Stay away from stupid people (Sir 22:13-22:15)

“Do not talk much

With a senseless person!

Without sense,

He will despise

Everything about you.

Do not visit

An unintelligent person!

Stay clear of him!

You may have trouble.

You may be spattered

When he shakes himself off.

Avoid him!

Then you will find rest.

You will never be wearied

By his lack of sense.

What is heavier than lead?

What is its name

Except ‘Fool’?

Sand is easier to bear

Than a stupid person.

Salt is easier to bear

Than a stupid person.

A piece of iron is easier to bear

Than a stupid person.”

Sirach warns us to stay away from stupid people. Do not talk to these senseless people. They will despise you for your intelligence. There is a kind of elitism here. He did not want you to visit with unintelligent people. Stay away from them when they shake themselves like animals, because some of their filth might spatter on you. If you stay away from them, you will not be weary of their senseless talk. A fool is heavier to bear than lead. Practically everything is easier to live with than a stupid person. Thus sand, salt, and iron is better than these stupid senseless fools.

Spring visit (Song 2:8-2:9)

Female lover

“The voice of my beloved!

Look!

He comes

Leaping upon the mountains,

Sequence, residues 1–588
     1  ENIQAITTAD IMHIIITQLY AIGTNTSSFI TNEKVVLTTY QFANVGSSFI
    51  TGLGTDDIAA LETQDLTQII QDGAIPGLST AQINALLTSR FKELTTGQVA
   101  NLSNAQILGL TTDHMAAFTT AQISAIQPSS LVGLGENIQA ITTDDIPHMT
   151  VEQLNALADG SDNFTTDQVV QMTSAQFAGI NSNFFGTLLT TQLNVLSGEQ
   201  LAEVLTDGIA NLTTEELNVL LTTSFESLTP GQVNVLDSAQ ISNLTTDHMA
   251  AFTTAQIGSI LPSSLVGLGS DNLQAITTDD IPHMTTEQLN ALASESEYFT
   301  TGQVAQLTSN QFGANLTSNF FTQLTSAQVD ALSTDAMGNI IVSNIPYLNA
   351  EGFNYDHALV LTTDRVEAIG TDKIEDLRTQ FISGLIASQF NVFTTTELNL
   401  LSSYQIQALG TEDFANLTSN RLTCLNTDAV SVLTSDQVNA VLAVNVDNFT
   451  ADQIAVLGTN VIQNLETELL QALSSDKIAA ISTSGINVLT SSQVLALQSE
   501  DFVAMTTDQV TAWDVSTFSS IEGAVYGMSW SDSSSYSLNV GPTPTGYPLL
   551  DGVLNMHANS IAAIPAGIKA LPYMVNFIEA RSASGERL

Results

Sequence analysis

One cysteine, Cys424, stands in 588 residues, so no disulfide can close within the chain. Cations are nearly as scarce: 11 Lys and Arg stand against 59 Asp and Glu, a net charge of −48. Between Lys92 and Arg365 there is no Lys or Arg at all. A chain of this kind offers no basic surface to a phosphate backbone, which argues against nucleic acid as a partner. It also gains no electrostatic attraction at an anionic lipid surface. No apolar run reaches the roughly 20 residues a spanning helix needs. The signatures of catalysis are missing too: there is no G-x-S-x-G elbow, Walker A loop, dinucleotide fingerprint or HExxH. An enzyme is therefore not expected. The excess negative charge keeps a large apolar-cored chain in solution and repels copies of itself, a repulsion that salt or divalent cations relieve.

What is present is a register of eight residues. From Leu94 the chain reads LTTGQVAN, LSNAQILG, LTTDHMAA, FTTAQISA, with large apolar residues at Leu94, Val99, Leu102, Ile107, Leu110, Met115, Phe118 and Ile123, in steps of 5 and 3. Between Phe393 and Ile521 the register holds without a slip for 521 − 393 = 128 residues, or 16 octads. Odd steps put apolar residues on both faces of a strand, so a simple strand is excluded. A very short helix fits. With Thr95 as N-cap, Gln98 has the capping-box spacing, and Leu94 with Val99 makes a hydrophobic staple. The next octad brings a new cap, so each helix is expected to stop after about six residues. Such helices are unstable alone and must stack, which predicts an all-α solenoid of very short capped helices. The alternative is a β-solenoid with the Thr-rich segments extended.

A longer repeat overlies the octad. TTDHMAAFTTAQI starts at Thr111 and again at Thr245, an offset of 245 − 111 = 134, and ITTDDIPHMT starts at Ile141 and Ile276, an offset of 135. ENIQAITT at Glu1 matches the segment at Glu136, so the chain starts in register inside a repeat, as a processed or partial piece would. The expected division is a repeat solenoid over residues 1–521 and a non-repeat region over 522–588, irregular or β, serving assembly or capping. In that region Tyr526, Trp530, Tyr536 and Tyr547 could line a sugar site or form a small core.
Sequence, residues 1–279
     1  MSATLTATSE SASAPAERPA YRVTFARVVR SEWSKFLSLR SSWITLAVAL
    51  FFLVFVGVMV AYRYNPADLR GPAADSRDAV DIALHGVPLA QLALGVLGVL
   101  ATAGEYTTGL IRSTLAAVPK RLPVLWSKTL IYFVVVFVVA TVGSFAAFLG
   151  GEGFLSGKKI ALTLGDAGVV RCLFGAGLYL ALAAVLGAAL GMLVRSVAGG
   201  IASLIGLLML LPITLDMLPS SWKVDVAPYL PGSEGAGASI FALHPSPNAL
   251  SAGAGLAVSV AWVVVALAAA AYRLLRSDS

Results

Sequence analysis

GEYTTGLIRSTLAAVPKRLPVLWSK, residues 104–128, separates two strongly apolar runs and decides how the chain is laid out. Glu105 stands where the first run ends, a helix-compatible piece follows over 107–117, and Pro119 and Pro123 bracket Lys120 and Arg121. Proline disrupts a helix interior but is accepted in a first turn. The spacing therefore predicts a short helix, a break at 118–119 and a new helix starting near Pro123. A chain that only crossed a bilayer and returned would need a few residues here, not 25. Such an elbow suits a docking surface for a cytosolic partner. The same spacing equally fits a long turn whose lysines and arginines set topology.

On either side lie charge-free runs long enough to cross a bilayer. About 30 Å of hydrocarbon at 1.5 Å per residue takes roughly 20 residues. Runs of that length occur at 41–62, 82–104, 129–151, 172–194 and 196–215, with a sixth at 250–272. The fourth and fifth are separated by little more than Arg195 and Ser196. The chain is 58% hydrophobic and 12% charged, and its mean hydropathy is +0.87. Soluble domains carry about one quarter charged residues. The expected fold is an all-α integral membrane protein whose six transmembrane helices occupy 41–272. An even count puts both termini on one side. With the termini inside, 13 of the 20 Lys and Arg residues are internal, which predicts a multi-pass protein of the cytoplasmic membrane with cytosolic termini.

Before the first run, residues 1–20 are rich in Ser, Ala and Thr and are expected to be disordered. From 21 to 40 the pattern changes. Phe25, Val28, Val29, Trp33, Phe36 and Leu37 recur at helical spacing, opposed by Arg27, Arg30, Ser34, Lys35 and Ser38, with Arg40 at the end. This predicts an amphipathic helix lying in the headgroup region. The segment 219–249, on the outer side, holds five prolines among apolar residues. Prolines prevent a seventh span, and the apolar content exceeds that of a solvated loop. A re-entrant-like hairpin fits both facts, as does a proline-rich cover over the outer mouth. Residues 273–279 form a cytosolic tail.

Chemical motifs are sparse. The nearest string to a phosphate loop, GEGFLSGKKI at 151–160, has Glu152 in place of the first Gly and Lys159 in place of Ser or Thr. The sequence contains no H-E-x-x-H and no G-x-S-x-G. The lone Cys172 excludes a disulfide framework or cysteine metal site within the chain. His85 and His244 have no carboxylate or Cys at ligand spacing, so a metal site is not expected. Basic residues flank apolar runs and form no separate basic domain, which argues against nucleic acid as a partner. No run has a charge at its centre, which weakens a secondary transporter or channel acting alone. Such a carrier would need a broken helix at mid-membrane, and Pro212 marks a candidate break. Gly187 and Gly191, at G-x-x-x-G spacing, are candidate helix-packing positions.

Bounding over the hills.

My beloved is

Like a gazelle,

Like a young stag.

Look!

There he stands

Behind our wall,

Gazing in at the windows,

Looking through the lattice.”

This female lover cries out that her beloved has come leaping over the mountains and bounding over hills, like a super hero. Her beloved is like a gazelle or antelope. He is like a young deer, a young stag. Suddenly he is behind the wall, gazing in at her window through the lattice, like our venetian blinds. This young stud has come to pay a visit, but stands outside peeking in, like a peeping Tom.

The prayer of the innocent (Ps 17:3-17:5)

“If you try my heart,

If you visit me by night,

If you test me,

You will find no wickedness in me.

My mouth does not transgress.

As for what others do,

By the word of your lips,

I have avoided the ways of the violent.

My steps have held fast to your paths.

My feet have not slipped.”

David, or the psalmist, proclaims his innocence. His heart is true. Even if you were to visit him at night or test him, no one would find wickedness in him. His mouth does not transgress, even when others do. He has avoided violent ways and held to the path of Yahweh. His feet have not slipped.

King Antiochus IV reverses himself about the Jews (2 Macc 9:13-9:18)